Surely reports of the Christian right’s death have been greatly exaggerated? To the casual leftist observer, Donald Trump’s presidential campaign would seem to be the zenith, not the “last spastic breath,” of a movement that has long been racist, misogynistic, and homophobic just under the surface (if not in full sight). And yet, like many key events in GOP politics over the last two decades, the rise of Trump as the Republican nominee was portrayed in the popular press as the death knell of the Christian right. However, it is significant to note that this time around, those death pronouncements agree with most social scientists’ assessments and even some Christian right leaders’ view of their own movement

Social science scholarship has been cautiously moving in this direction for the better part of a decade. For example, describing the retirements, deaths, scandals, and defections of the original Christian right leadership in recent years, political scientists Clyde Wilcox and Caren Robinson explain that the movement is “not dead, but neither is it thriving.” Previously, the sociologist Christian Smith described American evangelicalism as simultaneously “embattled,” and “thriving.” Meanwhile, there are other, more definitive accounts—like that of historian Steven P. Miller—which see the era of the Christian right as already concluded and Frank Lambert, who suggests that the forces of leftist evangelicalism are on the rise. However, there are two misunderstandings that often plague both popular and scholarly descriptions of America’s largest religion.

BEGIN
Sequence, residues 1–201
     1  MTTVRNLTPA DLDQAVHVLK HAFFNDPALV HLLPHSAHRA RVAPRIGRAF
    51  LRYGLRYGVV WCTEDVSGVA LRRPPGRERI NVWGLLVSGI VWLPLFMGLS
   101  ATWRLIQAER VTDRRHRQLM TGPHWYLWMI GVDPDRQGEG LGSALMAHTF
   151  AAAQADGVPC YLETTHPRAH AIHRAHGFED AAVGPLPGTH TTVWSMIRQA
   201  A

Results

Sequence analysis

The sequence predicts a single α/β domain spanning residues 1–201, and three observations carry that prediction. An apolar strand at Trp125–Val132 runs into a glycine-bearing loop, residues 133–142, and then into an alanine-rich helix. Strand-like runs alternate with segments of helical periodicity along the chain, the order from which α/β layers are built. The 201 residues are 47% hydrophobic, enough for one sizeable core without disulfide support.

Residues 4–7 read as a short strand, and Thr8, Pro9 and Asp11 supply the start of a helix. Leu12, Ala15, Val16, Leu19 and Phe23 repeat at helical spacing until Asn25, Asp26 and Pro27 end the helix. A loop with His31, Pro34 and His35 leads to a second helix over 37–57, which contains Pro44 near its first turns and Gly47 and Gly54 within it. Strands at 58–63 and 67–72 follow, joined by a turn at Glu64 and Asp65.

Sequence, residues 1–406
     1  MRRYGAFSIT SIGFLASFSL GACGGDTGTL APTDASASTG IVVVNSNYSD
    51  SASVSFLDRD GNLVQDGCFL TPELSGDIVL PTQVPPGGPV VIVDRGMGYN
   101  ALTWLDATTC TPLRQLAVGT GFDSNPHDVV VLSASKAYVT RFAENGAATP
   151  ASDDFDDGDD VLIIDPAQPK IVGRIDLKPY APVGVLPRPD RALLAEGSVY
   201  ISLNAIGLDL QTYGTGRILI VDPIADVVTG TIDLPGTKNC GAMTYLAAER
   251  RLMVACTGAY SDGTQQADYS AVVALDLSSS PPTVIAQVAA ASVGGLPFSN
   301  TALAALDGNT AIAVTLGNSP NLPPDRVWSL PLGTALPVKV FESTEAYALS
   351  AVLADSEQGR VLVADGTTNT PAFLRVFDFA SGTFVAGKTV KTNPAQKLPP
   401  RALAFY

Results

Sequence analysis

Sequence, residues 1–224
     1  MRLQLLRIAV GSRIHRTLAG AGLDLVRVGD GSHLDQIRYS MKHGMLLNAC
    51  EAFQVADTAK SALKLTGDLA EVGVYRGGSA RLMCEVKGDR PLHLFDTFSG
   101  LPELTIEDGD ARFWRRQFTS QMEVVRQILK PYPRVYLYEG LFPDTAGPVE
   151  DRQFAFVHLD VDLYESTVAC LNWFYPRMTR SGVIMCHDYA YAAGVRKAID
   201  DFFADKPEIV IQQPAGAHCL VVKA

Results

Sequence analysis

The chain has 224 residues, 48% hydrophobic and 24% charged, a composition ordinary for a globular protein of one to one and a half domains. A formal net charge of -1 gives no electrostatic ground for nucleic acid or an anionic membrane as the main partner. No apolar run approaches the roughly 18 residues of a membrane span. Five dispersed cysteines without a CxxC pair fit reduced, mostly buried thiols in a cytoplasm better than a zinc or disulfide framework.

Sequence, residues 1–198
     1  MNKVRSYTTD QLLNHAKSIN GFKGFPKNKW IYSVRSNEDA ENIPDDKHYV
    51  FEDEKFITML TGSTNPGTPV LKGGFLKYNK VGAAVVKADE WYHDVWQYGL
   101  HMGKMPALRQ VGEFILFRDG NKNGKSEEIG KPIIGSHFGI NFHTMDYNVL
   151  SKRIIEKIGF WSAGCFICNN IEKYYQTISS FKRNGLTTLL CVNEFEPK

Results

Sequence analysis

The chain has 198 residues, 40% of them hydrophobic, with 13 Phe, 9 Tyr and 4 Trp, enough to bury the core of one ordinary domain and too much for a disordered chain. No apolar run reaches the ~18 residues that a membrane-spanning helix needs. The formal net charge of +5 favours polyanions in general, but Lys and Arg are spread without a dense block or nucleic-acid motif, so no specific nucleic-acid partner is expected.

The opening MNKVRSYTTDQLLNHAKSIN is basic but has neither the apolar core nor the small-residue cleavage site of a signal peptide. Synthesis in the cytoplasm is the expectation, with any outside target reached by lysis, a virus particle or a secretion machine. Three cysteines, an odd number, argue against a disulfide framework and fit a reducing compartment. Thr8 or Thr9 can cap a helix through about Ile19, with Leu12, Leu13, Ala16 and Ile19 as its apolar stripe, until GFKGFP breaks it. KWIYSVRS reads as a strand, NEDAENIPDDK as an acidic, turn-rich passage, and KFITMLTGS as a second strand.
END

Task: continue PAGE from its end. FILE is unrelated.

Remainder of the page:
First, the differences between the Christian right and evangelicalism are rarely understood. American evangelicalism is a transdenominational Protestant Christian tradition that is geographically, racially, socioeconomically, and politically diverse, while the Christian right refers to politically conservative (and mostly white) Christians—not all of them evangelical—engaged in activism such as that of the Moral Majority. The number of evangelicals has stayed remarkably stable over the last ten years, despite losses in every other Christian group. Meanwhile, the activism, consensus, and power of the late twentieth century Christian right have markedly declined.

Although radical Christian right activism against LGBTQ and reproductive rights continues—including domestic terrorism against abortion clinics and the anti-gay funeral protests of Westboro Baptist Church—the evangelical mainstream has moderated their tone on these issues and the most powerful pastors are now not necessarily as conservative nor as vocal. Meanwhile, the rolls of active donors and volunteers for Christian right political organizations have slowed to a trickle of their former might. Where the Christian right was once a movement blessed with consensus and homogeneity, they are now in disarray, as political diversity among evangelicals increases.